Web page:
RaTTuS wrote:start again from scratch
just install raspbian - not noobs
have a keyboard and screen plugged in
power the RPI up and see what happens what lights up and is displayed on the screen
I never use Noobs. I rarely use a Mouse or Keyboard (if I do they are simple and use usb cables, nothing fancy)
Only HDMI and Ethernet are plugged in 99% of the time.
Red light lights up and doesn't flicker.
Green light usually flickers as you would expect, but when it dóesn't boot it's a solid green light. Maybe a few blinks before the solid light, but it's hard to tell as it doesn't happen too often.
If I want to know for sure what the green light does exáctly I have to try and boot it untill it fails, but I don't want to boot it 20 times in a row, because that will, improve the chance of it not booting it seems. I think it's because it's hot. I have heard similar problems from 1 or 2 other (local) Pi users. Just like the Old pi wouldn't boot if the SD or the Pi itself got hot.
Rebooting is also a good way to improve the chance of it failing.
But when it fails it hangs @ waiting for /dev to be populated and then I get endless rows of I/O errors and warnings about it not being able to read certain sectors.
Since I've replaced my Pi (previous one's MicroSD reader was put on crooked) the amount of failed boots went from 50% to about 12%. But except for that improvement the problem is identical.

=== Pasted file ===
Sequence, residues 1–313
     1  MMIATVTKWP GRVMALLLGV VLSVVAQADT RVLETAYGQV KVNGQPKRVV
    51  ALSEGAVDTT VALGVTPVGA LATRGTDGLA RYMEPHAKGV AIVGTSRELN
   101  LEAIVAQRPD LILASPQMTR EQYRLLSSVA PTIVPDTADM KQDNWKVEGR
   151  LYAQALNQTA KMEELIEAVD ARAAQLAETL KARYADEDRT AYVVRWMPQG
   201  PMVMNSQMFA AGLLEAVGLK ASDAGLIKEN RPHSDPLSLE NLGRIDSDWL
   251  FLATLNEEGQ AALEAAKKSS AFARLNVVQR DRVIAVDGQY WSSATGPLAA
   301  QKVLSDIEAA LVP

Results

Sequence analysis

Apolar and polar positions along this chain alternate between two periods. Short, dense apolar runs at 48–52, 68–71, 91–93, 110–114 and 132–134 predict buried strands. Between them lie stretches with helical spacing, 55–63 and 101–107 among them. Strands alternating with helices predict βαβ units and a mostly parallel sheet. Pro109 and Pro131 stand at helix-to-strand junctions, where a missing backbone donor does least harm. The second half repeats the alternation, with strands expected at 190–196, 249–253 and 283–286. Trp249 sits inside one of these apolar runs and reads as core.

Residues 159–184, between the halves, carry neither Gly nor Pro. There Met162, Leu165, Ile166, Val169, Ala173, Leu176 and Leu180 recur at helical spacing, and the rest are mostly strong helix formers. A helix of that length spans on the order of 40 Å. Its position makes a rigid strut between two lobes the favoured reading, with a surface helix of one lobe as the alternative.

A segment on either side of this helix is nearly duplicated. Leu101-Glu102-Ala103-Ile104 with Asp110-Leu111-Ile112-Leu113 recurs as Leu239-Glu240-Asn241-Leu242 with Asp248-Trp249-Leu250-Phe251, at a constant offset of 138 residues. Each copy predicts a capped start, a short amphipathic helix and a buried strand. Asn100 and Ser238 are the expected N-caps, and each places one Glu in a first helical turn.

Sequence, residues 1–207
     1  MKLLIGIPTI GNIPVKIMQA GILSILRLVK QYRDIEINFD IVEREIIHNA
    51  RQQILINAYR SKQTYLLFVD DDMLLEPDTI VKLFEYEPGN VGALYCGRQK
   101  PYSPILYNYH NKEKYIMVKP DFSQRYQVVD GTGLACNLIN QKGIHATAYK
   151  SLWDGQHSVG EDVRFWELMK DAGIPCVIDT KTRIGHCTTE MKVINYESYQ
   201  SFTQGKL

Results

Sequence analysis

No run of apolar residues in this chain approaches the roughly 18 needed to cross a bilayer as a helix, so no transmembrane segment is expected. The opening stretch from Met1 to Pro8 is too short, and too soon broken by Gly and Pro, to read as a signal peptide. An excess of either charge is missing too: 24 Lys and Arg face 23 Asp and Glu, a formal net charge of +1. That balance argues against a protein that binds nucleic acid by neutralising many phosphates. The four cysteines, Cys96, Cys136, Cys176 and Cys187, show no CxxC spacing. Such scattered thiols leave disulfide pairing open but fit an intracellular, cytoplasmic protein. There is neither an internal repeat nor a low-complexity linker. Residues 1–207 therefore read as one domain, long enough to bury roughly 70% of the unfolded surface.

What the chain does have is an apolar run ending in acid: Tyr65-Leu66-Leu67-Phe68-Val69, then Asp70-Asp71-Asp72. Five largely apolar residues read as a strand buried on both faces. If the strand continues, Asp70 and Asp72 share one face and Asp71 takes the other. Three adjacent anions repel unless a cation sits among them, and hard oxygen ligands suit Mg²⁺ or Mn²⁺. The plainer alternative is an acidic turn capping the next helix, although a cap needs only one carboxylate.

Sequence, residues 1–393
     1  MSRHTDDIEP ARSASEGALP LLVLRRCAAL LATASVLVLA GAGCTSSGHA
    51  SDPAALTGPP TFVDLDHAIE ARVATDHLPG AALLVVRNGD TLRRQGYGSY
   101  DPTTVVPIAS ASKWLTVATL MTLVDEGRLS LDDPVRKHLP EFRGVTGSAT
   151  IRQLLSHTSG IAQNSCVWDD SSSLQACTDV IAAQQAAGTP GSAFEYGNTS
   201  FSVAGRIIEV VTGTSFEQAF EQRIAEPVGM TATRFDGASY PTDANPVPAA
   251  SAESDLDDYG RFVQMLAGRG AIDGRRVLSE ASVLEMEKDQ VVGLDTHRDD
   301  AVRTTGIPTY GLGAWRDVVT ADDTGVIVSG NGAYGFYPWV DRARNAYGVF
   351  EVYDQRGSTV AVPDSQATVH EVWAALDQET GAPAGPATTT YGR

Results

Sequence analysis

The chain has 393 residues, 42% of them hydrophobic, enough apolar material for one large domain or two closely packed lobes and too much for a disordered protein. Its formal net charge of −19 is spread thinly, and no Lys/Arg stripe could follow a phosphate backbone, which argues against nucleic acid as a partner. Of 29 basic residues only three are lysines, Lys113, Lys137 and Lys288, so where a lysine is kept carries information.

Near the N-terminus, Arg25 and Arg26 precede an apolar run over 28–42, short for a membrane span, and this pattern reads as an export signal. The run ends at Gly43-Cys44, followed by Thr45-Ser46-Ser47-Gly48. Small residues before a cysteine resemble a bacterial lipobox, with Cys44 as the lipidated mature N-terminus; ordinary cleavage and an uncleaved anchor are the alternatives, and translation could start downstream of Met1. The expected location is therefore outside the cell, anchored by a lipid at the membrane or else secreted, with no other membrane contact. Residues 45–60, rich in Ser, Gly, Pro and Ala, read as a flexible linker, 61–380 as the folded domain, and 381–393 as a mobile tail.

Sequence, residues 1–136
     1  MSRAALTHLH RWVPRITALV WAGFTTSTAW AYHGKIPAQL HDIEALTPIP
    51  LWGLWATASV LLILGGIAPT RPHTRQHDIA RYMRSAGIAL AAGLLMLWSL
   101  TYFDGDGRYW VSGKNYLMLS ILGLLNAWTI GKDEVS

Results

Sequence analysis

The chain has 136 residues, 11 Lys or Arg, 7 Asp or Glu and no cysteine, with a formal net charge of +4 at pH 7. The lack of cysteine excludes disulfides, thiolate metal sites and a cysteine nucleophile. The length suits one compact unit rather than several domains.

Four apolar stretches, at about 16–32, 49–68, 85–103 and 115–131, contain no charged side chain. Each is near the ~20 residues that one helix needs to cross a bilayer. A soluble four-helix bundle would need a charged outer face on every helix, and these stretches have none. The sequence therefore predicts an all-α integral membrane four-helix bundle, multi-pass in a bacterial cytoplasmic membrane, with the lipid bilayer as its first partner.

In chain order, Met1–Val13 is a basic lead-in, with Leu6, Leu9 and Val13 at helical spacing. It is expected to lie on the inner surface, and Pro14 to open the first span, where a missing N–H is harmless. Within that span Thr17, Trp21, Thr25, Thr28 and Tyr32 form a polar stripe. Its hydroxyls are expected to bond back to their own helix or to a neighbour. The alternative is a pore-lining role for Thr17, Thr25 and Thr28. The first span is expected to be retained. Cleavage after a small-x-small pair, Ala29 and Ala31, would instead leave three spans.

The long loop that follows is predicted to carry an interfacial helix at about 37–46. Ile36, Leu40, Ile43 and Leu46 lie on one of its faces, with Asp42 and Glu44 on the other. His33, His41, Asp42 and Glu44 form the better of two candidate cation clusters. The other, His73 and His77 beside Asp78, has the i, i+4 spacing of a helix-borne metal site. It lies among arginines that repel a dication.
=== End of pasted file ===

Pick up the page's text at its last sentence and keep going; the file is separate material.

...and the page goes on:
I can accept how it functions now. More people (locals) report the same thing happening. It could still be a power thing. In the Netherlands the official adapters are not available, most adapters are cheap garbage so people tend to stick with their Mobile chargers. There is only about 1 good brand you can find in electronics stores. Velleman. I got that a 5v 3.1A Ipad charger from them and the best cable I could get my hands on (the one from my tablet) and the fastest SD card they sell in a local store that sells a buttload of Pi's. But since everybody uses different adapter it's hard to find more then a handful of people that use the same adapter as you. Making it hard to determine whether the adapter is actually good. My local electronics store says it works for all Pi customers they have, but I don't know if they sell a lot of Pi2's as well.
Does somebody know what makes a good adapter for the Pi2?
A friend of mine can just make or order me an adapter exáctly how I like it.
Because I got an adapter that delivers 3.1A @ 5v without dropping below 4.65V but people keep blaming the adapter and I assume they have a reason to do so.